My plan was to run out into the woods, on its trails, for eleven minutes and then return. I remember “eleven minutes,” but I don’t remember why I chose eleven minutes. I watched old Davy Crockett, made the turn as planned, and finished. I made it, twenty-two minutes. But I don’t recall any special celebration or particular sense of accomplishment. Nor was I gassed, crawling to finish. I just finished--and kept at it.

I continued to run because I came to enjoy it. At first, it was interesting. And then it became fun. Later, my coaching buddy and frequent morning running partner Larry Bittinger, upon seeing another runner on the roads, would sarcastically remark, “There’s another guy having fun.” He never enjoyed it as much as I did.

I think I continued to run for the same reasons I still run. There was the health factor, of course, of losing weight and all the benefits that go along with that. But there were more important things. I liked the opportunity to be outside. And I have always wanted to be active. Even while adding all those post-college pounds, I still played lots of basketball, weight lifted, and scrimmaged with the high school kids in my off-seasons—one night against the basketball team, another night on the ice with the hockey team, and still a third rolling around with the wrestlers.

My dormant competitive juices wouldn’t reflow for another dozen years or so. But I continued to “just run.” I also coached football and baseball in those early running years. Karen and I were starting our family, Mike and Matt arriving at this time. That left little time for running. So, I ran before work, arising before 5 AM to run and then get cleaned up for classes. For a number of years, two of my coaching buddies, Bruce Gilbert and Larry Bittinger (Boy, did I learn a lot of football from them!), joined me at that ungodly hour. Sometimes we ran the school grounds. Sometimes we headed off down dark country roads. Every Friday we’d charge up this killer hill, long and steep, doing repeats; it became sort of a weekly ritual for us.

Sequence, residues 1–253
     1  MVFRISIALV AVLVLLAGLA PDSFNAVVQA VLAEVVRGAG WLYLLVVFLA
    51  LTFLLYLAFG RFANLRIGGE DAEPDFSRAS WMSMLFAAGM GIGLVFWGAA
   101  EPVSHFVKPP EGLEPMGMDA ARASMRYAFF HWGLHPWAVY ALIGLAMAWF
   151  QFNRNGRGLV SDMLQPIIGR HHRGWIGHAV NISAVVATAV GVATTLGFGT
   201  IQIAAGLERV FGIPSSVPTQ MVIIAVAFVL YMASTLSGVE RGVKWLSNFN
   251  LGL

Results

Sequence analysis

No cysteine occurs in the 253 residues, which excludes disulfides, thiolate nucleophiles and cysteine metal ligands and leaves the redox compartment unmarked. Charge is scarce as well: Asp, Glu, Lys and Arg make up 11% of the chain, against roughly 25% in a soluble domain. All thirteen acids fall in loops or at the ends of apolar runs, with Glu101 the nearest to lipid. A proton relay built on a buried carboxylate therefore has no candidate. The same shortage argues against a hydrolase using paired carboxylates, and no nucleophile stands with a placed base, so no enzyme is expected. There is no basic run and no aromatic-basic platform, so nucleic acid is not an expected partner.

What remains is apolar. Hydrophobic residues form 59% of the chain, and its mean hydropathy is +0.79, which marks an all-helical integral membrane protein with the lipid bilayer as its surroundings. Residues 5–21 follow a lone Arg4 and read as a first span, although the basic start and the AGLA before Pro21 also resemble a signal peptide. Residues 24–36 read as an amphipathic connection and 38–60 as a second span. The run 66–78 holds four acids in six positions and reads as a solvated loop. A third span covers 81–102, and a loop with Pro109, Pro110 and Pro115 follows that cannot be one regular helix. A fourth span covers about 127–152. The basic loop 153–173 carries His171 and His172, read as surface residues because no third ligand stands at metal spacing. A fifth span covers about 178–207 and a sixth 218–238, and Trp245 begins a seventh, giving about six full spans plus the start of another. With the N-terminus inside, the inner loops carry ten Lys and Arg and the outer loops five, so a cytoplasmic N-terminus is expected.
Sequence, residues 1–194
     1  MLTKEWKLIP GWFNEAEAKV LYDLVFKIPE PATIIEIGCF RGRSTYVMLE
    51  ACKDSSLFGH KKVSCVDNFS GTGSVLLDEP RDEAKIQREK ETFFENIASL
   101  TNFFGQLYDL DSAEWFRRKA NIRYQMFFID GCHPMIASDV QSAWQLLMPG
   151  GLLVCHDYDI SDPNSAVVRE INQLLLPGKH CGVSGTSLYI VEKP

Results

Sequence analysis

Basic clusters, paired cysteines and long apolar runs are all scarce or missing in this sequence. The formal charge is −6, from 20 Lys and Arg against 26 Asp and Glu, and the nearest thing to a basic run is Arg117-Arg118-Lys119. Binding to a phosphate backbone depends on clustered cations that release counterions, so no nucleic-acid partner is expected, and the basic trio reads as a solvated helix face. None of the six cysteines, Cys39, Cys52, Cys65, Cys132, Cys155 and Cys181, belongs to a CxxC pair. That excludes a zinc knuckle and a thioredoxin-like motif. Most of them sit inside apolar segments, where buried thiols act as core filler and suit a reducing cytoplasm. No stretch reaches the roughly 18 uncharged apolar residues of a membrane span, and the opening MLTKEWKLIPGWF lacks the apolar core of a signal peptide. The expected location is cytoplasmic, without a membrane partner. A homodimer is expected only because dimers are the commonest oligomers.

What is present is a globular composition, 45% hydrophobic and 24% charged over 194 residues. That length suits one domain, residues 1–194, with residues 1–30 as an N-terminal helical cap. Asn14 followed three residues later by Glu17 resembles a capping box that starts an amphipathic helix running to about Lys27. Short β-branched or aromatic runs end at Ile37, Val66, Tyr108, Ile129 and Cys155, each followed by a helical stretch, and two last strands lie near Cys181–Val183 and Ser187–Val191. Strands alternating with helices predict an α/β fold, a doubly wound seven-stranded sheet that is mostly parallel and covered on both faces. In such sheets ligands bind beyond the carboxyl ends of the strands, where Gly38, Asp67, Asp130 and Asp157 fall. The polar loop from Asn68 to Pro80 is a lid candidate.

Finally, in 1986, I ran my first race. It was the now-defunct West Bloomfield Half Marathon, with all its hills and twists and turns. “Wait…,” I was later asked more than once, “your first race was a half marathon?” Yep, what did I know? But I enjoyed it a lot and several weeks later ran my second race, an 18-miler at the also now-defunct Chai Runs at the West Bloomfield Jewish Community Center. I guess I had no idea what this running and racing thing was all about

Regardless, I enjoy thinking about my running and racing Januaries, unorthodox as they may have been. How about you? When did you begin running? How and why did you start? Do you still run for the same reasons and still get the same satisfaction? Have your changed your philosophy of running? Have you grown?

I can’t help but think of the words of one of my favorite running writers or, as he might prefer, writing runners, Joe Henderson. To him, “endurance running” was not necessarily long distances as measured by miles, but running for life, measured by years. And I’ve been lucky enough to be an “endurance runner.”